342.1 Arch Rock Road (341.9)
342.4 Byrdie’s Road (341.6)
341.2 21. Pistol River Sand Dunes to Pistol River. Easy to moderate. This segment provides an (340.8) interesting hike of about 1-1/2 miles This is a good area for just doing some exploring. The trail leaves 101 at the end of the guard rail. The hiking trail meanders through the stabilized sand areas and then through and into the dunes themselves. The trail heads towards the ocean at the blow- sand where it joins the horse trail marked with posts with a horseshoe painted on them. The left fork goes to the beach and to Pistol River. The right fork goes through the dunes and wooded areas and meets highway 101 south of the river. A loop trail leaves the Sand Dunes Trail at two signed junctions and goes around Lola Lake, a small pond named in honor of Lola Gardnera long-time Pistol River resident and naturalist.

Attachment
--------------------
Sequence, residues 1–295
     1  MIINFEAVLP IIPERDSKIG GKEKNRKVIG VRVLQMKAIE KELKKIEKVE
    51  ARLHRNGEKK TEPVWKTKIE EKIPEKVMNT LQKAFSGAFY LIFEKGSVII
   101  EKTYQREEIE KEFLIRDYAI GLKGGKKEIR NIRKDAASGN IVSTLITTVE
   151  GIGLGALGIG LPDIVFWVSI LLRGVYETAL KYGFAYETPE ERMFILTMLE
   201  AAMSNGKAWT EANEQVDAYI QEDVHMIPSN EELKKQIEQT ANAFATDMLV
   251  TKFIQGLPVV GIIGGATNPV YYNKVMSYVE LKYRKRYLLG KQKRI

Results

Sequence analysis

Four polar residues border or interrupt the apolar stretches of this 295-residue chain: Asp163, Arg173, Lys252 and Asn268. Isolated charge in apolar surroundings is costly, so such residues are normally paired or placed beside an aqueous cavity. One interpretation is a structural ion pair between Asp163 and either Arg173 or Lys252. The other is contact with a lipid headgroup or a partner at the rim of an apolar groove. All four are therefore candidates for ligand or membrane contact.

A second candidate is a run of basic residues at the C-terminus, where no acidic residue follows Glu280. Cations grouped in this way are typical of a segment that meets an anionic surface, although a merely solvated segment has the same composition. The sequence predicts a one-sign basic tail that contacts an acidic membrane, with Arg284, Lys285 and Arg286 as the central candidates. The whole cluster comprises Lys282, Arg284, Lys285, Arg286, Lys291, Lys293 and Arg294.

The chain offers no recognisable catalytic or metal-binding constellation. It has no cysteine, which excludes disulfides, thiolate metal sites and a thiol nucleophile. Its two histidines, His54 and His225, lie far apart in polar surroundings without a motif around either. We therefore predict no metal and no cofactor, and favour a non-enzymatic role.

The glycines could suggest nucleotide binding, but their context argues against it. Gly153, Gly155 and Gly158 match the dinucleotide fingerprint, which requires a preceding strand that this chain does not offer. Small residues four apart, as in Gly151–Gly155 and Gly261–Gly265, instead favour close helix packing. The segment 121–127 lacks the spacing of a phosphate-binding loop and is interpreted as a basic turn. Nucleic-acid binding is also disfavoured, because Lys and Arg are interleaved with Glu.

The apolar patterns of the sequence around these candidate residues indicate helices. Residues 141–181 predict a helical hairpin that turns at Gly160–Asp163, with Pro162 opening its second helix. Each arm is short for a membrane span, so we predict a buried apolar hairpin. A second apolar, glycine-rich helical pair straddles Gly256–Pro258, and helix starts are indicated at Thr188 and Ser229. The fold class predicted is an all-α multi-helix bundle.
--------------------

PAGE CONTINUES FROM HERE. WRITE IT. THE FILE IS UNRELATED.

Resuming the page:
22. Pistol River to Cape Sebastian. Unless the river mouth is blocked by sand, take the 101 bridge over Pistol River. The trail follows the beach to the base of Cape Sebastian at Hunter’s Cove. Several access points enable you to leave this segment and get back to 101.
23. Cape Sebastian trail. Easy to moderate. About 1 mile. The best way to hike this section is from the south parking lot on the top of the Cape to the beach.
337.6 Have someone drop you off at the top and meet you at the Myers Creek parking area south of (336.4) the Cape. A rope is tied to a tree to help you access the beach. A new segment is currently being built to make it easier to access the beach.